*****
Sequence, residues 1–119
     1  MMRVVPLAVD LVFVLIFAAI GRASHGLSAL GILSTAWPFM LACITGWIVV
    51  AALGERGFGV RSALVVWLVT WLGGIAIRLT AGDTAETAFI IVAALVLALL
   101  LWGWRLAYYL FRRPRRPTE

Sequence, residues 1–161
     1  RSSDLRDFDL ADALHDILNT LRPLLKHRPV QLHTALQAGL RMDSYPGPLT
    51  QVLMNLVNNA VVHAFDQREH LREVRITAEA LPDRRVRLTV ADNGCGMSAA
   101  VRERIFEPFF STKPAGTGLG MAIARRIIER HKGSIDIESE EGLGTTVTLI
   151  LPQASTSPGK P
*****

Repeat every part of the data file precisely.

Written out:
Sequence, residues 1–119
     1  MMRVVPLAVD LVFVLIFAAI GRASHGLSAL GILSTAWPFM LACITGWIVV
    51  AALGERGFGV RSALVVWLVT WLGGIAIRLT AGDTAETAFI IVAALVLALL
   101  LWGWRLAYYL FRRPRRPTE

Sequence, residues 1–161
     1  RSSDLRDFDL ADALHDILNT LRPLLKHRPV QLHTALQAGL RMDSYPGPLT
    51  QVLMNLVNNA VVHAFDQREH LREVRITAEA LPDRRVRLTV ADNGCGMSAA
   101  VRERIFEPFF STKPAGTGLG MAIARRIIER HKGSIDIESE EGLGTTVTLI
   151  LPQASTSPGK P